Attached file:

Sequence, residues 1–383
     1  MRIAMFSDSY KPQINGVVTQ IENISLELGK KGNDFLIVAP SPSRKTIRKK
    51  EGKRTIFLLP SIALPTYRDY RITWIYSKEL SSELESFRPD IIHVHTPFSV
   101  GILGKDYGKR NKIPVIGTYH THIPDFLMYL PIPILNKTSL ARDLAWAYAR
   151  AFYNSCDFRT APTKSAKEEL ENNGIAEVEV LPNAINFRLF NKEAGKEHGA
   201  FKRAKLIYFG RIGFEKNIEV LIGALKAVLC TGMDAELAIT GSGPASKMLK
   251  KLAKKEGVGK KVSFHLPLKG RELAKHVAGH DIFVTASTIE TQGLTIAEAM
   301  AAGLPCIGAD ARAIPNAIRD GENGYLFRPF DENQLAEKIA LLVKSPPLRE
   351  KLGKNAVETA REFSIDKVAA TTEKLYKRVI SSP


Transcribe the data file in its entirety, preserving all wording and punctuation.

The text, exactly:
Sequence, residues 1–383
     1  MRIAMFSDSY KPQINGVVTQ IENISLELGK KGNDFLIVAP SPSRKTIRKK
    51  EGKRTIFLLP SIALPTYRDY RITWIYSKEL SSELESFRPD IIHVHTPFSV
   101  GILGKDYGKR NKIPVIGTYH THIPDFLMYL PIPILNKTSL ARDLAWAYAR
   151  AFYNSCDFRT APTKSAKEEL ENNGIAEVEV LPNAINFRLF NKEAGKEHGA
   201  FKRAKLIYFG RIGFEKNIEV LIGALKAVLC TGMDAELAIT GSGPASKMLK
   251  KLAKKEGVGK KVSFHLPLKG RELAKHVAGH DIFVTASTIE TQGLTIAEAM
   301  AAGLPCIGAD ARAIPNAIRD GENGYLFRPF DENQLAEKIA LLVKSPPLRE
   351  KLGKNAVETA REFSIDKVAA TTEKLYKRVI SSP